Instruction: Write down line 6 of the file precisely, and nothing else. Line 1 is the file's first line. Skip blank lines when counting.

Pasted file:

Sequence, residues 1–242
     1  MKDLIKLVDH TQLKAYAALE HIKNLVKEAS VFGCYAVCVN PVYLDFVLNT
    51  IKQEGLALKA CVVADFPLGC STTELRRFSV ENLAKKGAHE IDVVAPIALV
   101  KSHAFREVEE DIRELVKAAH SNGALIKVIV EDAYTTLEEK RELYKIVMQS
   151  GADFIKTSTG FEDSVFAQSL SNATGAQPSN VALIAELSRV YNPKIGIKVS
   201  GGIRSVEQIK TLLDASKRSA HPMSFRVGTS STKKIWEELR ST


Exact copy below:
   201  GGIRSVEQIK TLLDASKRSA HPMSFRVGTS STKKIWEELR ST